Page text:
Crash, Boom and Bust may sound like a punk band that never quite made the big time. But in economics, unfortunately, they are still on a world tour.
I’ve blogged before on the new ideas in economic theories, and the efforts of students at the University of Manchester to get official recognition for these new approaches by having these ideas taught as optional modules on their course. As The Guardian newspaper reports today (link below) one year on, these new ideas are still facing some academic resistance.
The classic example is that road accidents are economically “good things”. More work for car repair garages. More work for doctors and nurses. More work for the police. Everyone is a winner, according to traditional economists. Except the people who were in the car, cycling or crossing the road, but their awful experience literally doesn’t count, because it puts no new money in the till.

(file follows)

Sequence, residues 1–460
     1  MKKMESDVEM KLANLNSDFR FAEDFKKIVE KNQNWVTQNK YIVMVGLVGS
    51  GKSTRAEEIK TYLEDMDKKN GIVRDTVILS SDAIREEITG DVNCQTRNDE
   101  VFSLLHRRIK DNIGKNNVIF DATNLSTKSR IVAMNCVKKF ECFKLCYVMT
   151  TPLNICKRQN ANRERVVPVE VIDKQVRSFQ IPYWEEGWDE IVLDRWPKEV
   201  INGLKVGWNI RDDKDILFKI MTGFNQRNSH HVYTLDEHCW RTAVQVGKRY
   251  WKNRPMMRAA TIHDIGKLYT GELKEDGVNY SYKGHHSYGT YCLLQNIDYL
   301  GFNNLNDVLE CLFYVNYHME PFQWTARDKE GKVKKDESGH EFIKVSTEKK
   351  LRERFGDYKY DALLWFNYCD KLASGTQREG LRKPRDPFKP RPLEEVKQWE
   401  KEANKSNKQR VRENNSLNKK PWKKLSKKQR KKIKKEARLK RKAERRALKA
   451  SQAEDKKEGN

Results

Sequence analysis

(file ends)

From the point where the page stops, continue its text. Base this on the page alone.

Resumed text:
And therefore new economics also looks at and counts factors such as environmental degradation, inequalities, development, fair trade, fuel poverty, food banks, and the value of nurturing and caring.
So well done to these students for persevering with trying to broaden a course, hopefully one day preparing the next generation of economists to be able to do more than just get jobs running last year’s Excel spreadsheets for a merchant bank.